"All of these things, I think, are part of a bigger ultimate aim, which is to significantly reduce immigration of all kinds to the United States over the longer term, and in the process, the real desire is to change the character of the country," said Doris Meissner, a former commissioner of the Immigration and Naturalization Service in the Clinton administration.

Before departing the White House this week for his European trip, Trump offered his own solution for the government missing a court-mandated deadline to reunite some families: "Don't come to our country illegally."

In Europe, the president hasn't shied away from offering his views on the flow of immigration across the pond. Trump pressed ahead with his complaints that European immigration policies are changing the "fabric of Europe" and destroying European culture. He reiterated a position he articulated in a British tabloid where he said: "I think allowing millions and millions of people to come into Europe is very, very sad."

The Trump administration announced plans in April to prosecute illegal border crossers with the crime of improper entry, and in doing so, jailed some parents caught on the border and placed their children in government custody. The U.S. government was sued and the public was outraged, prompting Trump to halt the separations.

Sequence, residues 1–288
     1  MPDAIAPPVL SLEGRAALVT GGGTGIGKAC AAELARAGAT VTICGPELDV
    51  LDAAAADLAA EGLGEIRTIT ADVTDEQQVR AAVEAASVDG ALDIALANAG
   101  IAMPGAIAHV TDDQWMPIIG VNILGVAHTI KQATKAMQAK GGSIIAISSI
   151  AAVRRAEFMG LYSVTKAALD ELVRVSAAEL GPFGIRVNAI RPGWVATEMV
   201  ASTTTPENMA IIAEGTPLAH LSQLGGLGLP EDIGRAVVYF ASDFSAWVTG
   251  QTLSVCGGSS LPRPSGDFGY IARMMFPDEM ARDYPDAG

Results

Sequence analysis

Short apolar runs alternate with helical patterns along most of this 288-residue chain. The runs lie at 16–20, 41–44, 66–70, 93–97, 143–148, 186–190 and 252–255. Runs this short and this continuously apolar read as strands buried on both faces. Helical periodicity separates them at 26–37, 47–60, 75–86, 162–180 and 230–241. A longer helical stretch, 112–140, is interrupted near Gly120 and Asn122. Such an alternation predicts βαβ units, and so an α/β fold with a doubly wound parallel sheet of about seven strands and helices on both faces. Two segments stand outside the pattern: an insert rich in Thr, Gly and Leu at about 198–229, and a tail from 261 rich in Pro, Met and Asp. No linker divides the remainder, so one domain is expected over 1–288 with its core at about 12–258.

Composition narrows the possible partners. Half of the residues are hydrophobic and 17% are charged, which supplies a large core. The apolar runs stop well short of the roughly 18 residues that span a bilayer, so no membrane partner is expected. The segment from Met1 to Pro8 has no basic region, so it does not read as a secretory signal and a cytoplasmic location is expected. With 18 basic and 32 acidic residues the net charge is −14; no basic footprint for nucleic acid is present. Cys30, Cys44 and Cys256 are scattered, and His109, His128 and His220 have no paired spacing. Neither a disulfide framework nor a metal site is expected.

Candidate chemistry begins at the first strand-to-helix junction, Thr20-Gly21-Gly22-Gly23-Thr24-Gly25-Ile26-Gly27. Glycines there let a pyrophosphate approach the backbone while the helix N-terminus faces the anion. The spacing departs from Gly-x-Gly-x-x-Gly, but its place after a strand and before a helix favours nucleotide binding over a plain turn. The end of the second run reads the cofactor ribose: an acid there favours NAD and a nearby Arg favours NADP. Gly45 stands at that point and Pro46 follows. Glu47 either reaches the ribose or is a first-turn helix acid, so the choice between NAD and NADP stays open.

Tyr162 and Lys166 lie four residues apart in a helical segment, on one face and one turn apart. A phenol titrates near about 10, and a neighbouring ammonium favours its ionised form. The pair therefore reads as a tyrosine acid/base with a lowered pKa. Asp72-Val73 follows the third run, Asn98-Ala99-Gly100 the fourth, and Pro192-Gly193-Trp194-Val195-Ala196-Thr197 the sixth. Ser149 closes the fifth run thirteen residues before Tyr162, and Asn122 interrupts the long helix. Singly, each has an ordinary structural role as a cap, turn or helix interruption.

The chaos over the separations has put the administration in the difficult position of having to release families with ankle-monitoring bracelets into the public – a practice Trump has decried – while at the same time attempting a series of legal maneuvers to argue for tougher enforcement capabilities.

That's because two court cases in California restrict what the government can do in carrying out hardline immigration policies. One requires the government to release immigrant children generally after 20 days in detention. The other has banned the separation of families and placed the government under tight deadlines to reunite parents and children.

In an attempt to comply with both rulings, the White House wants to present families with a choice: Stay together in detention or release the child to a government program for immigrant youth for potential placement with a relative while the parent remains locked up.

It's unclear whether the administration has enough detention beds to do so, but it's looking. Homeland Security has formally requested 12,000 beds for family detention, with 2,000 beds to be made available immediately at U.S. military bases. The Defense Department has said it also received a request to house up to 20,000 unaccompanied immigrant children.

Officials are also seeking to send immigrants back to their countries sooner and make it harder for them to seek asylum in a backlogged courts system where it can take years to get a ruling. Trump officials say too many people are claiming they are persecuted when they are not, adding that only 20 percent of asylum claims are granted.